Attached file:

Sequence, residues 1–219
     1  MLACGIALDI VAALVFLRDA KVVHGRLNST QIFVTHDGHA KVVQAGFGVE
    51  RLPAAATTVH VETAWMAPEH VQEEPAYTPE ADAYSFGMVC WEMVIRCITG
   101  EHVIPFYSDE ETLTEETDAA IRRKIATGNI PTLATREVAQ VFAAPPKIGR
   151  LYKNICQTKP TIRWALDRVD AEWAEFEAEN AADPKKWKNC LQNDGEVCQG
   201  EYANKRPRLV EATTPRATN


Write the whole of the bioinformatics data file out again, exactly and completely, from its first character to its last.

Sequence, residues 1–219
     1  MLACGIALDI VAALVFLRDA KVVHGRLNST QIFVTHDGHA KVVQAGFGVE
    51  RLPAAATTVH VETAWMAPEH VQEEPAYTPE ADAYSFGMVC WEMVIRCITG
   101  EHVIPFYSDE ETLTEETDAA IRRKIATGNI PTLATREVAQ VFAAPPKIGR
   151  LYKNICQTKP TIRWALDRVD AEWAEFEAEN AADPKKWKNC LQNDGEVCQG
   201  EYANKRPRLV EATTPRATN